Here are a few examples to show what can be done with Disark.
Classic disassembling without symbol table
Without generating labels
org #1000 ld hl,Label1 ld b,4 Label1 djnz Label1 ret
Once assembled with any assembler and disassembled with Disark:
ld hl,4099 ;You can also ask for hex numbers! ld b,4 djnz $-2 ret
Nothing fancy here. Let’s continue, shall we…
org #1000 ld hl,Label1 ld b,4 Label1 djnz Label1 ret
Once assembled and disassembled with Disark using the –genLabels and –src16bitValuesInHex (to have 16 bits number in hex) options:
ld bc,#1003 lab0003 ld b,4 ;This label is generated. djnz lab0003 ret
This is getting better…
Using a symbol table
The real power of Disark is when the original source comes with a symbol table. Most formats can be understood, and you can indicate the “column” where to find the labels and address in the symbol table, via the –labelPositionInSymbolFile and –addressPositionInSymbolFile.
By using a symbol table, you can recreate the original source code from the binary!
org #1000 ;Original code. START ld bc,LABEL1 ld hl,$ ld de,LABEL1 + 3 LABEL1 ld b,4 djnz LABEL1 jp START
The result is very close to the input! Check by yourself:
org #1000 ;Generated via the "--genOrg" option. START ld bc,LABEL1 ld hl,START+3 ;Disark choses the closest label. ld de,LABEL1+3 LABEL1 ld b,4 djnz LABEL1 jp START
The command I used is:
Disark <binary file to load> <z80 code to generate> --symbolFile <symbol file to load> --loadAddress 0x1000 --genOrg --src16bitValuesInHex
By using the loadAddress option, we define the entry point. This becomes necessary so that the symbol file matches the addresses of each instructions.
So far the disassembled programs only consist in code. But what if you have bytes, word, even pointer areas? This is an example:
org #1000 ld ix,TABLE LABEL1 ld hl,0 LABEL2 ld de,0 LABEL3 ld bc,0 TABLE dw LABEL1 ;Oops, how to reconstruct this?? dw LABEL2 dw LABEL3 LEVELDATA db 1 ;Oops, how to reconstruct this?? db 2 db 3 MUSICPERIODS dw 456 ;Oops, how to reconstruct this?? dw 147 dw 999
Disark, just like any disassembler, has no idea that not everything is code. Without more information, Disark will produce this:
org #1000 ld ix,TABLE LABEL1 ld hl,#0 LABEL2 ld de,#0 LABEL3 ld bc,#0 ;So far, so good. TABLE inc b ;ARG! No! This was "db 1"! djnz MUSICPERIODS+1 djnz MUSICPERIODS+6 LEVELDATA equ $+1 ;ARG! Our LevelData area is compromised too! djnz LEVELDATA+2 ld (bc),a inc bc MUSICPERIODS ret z ;ARG! This is not good! ld bc,#93 rst 32 inc bc
Ok, this is bad. But do not worry, there is a solution. Disark manages all this via Label semantics! The original source can contain labels indicating how to reconstruct it faithfully. These labels must have a specific format so that Disark can locate them in the symbol table. They can be added a prefix, and must be added a suffix. Some examples:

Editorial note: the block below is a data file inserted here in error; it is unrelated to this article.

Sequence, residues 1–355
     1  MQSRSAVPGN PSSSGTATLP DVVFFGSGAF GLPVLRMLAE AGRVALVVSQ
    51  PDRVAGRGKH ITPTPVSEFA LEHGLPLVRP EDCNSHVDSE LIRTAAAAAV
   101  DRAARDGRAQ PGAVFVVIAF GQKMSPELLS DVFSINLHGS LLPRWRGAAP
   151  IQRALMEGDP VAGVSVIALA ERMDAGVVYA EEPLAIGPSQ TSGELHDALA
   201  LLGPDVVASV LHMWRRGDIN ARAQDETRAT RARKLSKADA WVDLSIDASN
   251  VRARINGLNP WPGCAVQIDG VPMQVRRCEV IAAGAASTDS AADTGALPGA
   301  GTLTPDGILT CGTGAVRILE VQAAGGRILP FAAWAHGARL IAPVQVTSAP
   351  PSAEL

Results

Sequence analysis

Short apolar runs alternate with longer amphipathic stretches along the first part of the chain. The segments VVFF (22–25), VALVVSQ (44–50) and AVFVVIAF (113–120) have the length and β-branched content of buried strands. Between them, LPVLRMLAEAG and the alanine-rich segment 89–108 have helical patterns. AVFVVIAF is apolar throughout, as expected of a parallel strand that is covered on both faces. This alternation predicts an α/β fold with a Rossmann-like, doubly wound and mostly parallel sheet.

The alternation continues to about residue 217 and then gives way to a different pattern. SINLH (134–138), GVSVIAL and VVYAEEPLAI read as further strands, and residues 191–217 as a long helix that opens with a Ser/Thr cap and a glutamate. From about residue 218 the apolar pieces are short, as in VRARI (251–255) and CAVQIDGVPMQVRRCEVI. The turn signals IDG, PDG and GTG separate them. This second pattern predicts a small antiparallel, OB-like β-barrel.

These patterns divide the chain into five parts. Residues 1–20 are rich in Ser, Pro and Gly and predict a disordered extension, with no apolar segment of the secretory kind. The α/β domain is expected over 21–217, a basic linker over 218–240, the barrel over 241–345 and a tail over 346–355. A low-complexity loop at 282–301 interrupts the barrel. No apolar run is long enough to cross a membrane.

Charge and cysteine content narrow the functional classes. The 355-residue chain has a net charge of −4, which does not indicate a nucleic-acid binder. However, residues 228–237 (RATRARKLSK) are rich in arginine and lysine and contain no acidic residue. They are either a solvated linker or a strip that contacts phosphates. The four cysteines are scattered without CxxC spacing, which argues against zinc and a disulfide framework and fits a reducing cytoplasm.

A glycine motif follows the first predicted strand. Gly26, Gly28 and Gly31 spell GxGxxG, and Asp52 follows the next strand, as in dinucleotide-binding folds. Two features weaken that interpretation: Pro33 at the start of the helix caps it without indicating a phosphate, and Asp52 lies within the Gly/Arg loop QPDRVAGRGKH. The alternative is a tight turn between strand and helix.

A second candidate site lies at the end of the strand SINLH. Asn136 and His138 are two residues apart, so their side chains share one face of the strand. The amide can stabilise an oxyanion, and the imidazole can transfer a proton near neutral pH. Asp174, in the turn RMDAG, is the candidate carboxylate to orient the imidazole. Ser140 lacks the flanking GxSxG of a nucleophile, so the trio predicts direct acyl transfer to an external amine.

These are default, so you shouldn’t need to declare them.
DisarkCodeRegionStart a code region starts here. DisarkCodeRegionEnd a code region ends here.
DisarkByteRegionStart a code region starts here. DisarkByteRegionEnd a code region ends here.
Example of use:
org #1000 ld hl,#1234 jr AFTER_STUFF MyDemo_DisarkByteRegionStart_Stuff ;Declares a byte area... db 1, 2, 3, 4, 5, 6, 7 db 8, 9, 10, 11, #ff MyDemo_DisarkByteRegionEnd_Stuff ;...that ends here! AFTER_STUFF ld de,#4567 ret
And the result is:
org #1000 ld hl,#1234 jr AFTER_STUFF db 1 db 2 db 3 db 4 db 5 db 6 db 7 db 8 db 9 db 10 db 11 db 255 AFTER_STUFF ld de,#4567 ret
YES! Now the code is perfectly regenerated! Note how the Disark marker labels have been removed from the disassembled source. They are not needed in the code anymore!
Word region and Pointer region:
DisarkWordRegionStart ;A word region starts here. DisarkWordRegionEnd ;A word region ends here. DisarkPointerRegionStart ;A pointer region starts here. DisarkPointerRegionEnd ;A pointer region ends here.
But what is the difference between Word and Pointer region? No reference will be inferred (i.e. “guessed”) from the Word region, but they will from the Pointer region. In the example above, music periods must stay “as-is” and not converted to a pointer, else relocating the code will also modify your music periods!
They are many Labels you can use to add semantic to your code, check the list here.
Let’s go back to our example
By adding these labels in the original code, we can help Disark determine where is the code, and the data:
org #1000 ld ix,TABLE LABEL1 ld hl,0 LABEL2 ld de,0 LABEL3 ld bc,0 TABLE MyDemo_DisarkPointerRegionStart_1 ;Declares our Pointer region. dw LABEL1 dw LABEL2 dw LABEL3 MyDemo_DisarkPointerRegionEnd_1 ;The prefix and postfix must match! LEVELDATA MyDemo_DisarkByteRegionStart_LevelData ;This is the Byte region. db 1 db 2 db 3 MyDemo_DisarkByteRegionEnd_LevelData MUSICPERIODS MyDemo_DisarkWordRegionStart_3 ;This is our Word region. dw 456 dw 147 dw 999 MyDemo_DisarkWordRegionEnd_3
Now let’s “disark” the generated binary and…
org 4096 ld ix,TABLE LABEL1 ld hl,0 LABEL2 ld de,0 LABEL3 ld bc,0 TABLE dw LABEL1 ;Oh yeah! The pointers are correct! dw LABEL2 dw LABEL3 LEVELDATA db 1 ;Yeeepeee! The DBs are well written! db 2 db 3 MUSICPERIODS dw 456 ;Hurray! The Words are intact! dw 147 dw 999
I guess you’ve understand how it works (if not, please contact me and I’ll try to give better examples!).